Change is inevitable and we all go through new changes regularly. If you want to get through the next change process easier and faster it's a good idea to understand how people typically react when going through change. According to Dennis T. Jaffe and Cynthia Scott, the people behind the model called The Change Curve, it’s actually the same four phases that we all go through.
When we face a change everybody more or less move through these phases, claim Jaffe and Scott. Sometimes we move quickly, sometimes slowly and sometimes we get stuck in one of the phases. We can even move backwards into a previous phase. But if you end up committing yourself to a change you will have moved through the four phases. This is especially the case if you're not the cause of the change.
The model begins with “business as usual” in the top-left corner. When the change begins, a downward movement occurs through increased level of stress, uncertainty, radical change and reduced productivity. As the change takes place, an increase also happen on the other side of the curve, as we rediscover our orientation, learn new skills and roles and begin working in a new way.
Denial is probably the most common reaction to change, but according to Scott and Jaffe it is also the most difficult. Denial is the psychological term for our defense against change, and it means that we ignore or avoid reacting upon information that require change. Denial is an attempt to retain the success and security of our past by ignoring that the past is over, as they write in Mastering the Change Curve (2003).
In the denial phase change doesn't penetrate and we don't believe that it's real. We continue with “business as usual” and avoid thinking and acting on the imminent change.
Denial is, ironically, difficult to identify within ourselves. We are often unaware that we deny change and this is why it is necessary for others to confront and inform us about our act of denial. This can turn out to be a big problem when groups of coworkers deny the state of things at the same time, because the entire organization may find itself in the phase of denial at once.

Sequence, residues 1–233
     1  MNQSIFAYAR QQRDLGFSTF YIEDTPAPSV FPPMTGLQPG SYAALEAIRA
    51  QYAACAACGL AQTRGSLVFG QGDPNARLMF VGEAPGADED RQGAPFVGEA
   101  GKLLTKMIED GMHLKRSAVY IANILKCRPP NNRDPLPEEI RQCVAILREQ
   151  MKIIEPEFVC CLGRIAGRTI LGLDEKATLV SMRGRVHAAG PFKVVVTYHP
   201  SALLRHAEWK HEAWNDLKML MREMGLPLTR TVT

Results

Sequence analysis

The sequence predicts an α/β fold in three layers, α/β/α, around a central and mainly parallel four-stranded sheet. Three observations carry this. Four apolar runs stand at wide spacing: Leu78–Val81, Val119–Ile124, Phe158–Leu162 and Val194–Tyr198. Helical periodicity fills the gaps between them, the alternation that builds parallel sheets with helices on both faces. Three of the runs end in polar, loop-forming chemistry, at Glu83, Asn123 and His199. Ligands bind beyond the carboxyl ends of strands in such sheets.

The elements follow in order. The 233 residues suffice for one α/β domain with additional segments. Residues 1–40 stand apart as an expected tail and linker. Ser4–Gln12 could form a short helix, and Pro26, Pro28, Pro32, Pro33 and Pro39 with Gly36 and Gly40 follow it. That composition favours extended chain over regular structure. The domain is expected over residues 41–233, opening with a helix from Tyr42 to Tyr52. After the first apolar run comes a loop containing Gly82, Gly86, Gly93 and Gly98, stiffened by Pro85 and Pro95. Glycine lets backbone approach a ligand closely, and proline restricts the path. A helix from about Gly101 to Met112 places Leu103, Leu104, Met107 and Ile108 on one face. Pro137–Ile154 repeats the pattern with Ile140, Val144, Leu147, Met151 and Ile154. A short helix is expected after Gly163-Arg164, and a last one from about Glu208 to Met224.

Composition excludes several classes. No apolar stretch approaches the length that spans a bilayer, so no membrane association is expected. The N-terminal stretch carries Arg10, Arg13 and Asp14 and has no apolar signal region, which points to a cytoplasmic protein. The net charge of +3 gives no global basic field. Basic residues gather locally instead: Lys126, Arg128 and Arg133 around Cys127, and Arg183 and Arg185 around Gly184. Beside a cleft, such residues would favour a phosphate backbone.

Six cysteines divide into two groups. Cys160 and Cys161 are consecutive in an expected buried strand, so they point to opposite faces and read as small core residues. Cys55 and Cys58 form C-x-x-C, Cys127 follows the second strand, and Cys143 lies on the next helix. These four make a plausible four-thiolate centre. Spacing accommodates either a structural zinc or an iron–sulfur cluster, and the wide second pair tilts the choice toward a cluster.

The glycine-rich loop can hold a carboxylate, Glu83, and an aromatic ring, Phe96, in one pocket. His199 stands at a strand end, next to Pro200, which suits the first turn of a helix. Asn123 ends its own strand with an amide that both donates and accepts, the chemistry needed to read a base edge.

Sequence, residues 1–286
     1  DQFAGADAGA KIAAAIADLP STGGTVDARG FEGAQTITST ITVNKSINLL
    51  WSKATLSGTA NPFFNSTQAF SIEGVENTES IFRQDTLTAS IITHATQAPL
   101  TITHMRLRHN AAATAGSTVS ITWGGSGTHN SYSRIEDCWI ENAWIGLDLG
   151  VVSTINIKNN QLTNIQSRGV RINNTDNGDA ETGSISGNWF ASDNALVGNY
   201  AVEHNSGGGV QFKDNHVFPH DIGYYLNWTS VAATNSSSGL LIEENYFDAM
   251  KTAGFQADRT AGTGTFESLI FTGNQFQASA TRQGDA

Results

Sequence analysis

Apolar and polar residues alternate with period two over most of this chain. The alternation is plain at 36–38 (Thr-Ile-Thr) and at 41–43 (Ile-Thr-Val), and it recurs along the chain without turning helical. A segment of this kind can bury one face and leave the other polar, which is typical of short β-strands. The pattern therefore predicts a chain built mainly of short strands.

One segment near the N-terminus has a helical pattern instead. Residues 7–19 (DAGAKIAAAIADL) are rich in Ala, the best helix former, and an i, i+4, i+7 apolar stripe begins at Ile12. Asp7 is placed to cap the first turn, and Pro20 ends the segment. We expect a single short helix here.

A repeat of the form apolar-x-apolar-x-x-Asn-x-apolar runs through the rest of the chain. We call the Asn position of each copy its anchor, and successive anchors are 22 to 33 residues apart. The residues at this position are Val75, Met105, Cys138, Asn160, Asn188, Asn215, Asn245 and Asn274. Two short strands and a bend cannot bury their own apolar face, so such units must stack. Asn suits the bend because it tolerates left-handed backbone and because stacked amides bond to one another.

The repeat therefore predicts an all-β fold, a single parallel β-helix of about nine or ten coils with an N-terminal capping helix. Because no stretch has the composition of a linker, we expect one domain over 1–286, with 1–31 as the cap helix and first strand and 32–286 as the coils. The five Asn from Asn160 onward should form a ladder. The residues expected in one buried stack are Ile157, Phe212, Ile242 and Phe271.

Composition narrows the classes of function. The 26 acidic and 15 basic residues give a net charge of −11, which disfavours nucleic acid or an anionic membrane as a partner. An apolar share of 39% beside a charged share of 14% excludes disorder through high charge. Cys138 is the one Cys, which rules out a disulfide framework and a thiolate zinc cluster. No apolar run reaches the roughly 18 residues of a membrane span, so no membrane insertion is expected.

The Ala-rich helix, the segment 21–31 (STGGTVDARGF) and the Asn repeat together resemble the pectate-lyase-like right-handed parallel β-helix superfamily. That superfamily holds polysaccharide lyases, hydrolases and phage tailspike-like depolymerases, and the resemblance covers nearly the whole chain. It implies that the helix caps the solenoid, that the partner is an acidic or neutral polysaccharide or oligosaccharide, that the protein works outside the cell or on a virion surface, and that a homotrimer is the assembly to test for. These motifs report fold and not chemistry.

We reach the resistance phase when we wake up from our denial and discover that change WILL happen. When we're in the resistance phase we feel incapable of changing. We still experience an attachment to the past and the familiar ways of doing things, but we also experience different unpleasant feelings and reactions towards the change.
Everybody experiences resistance to change. This is a perfectly normal reaction and no matter how exciting the change is we will still feel some degree of anxiety and worrying towards the imminent change.
When we get closer to the end of the resistance phase we come to accept the change, we begin to let go of the past and consider how we can make the change work.
The authors describe this as the fun phase, full of energy and willingness to learn something new and to test new methods. Generally, people have accepted the change and are now ready to examine the situation, determine new goals and explore alternatives.
In the exploration phase we begin to act and learn new tricks, and decide that we want to act upon the change. We no longer fight the change and instead begin to wonder how we can make it work.
As we move up through the bottom-part of the curve we begin to accept the change and believe that we're going to make it. The best thing for us to do is to create a vision for what it is we want to achieve and to collaborate with others involved in order to make it happen. Researchers claim that it's normal to zigzag between Resistance and Exploration.
We reach the commitment phase when we discover which set of skills we need in order to manage new times. We rediscover our productivity and the sense of control. We probably also notice a sense of “we did it”, that we have actually made the change. But because change is continuous we must prepare for the next change.
This is not an actual period of enthusiasm, rather a pleasant one.
The model below shows the key things you have to consider as you move through each phase of change.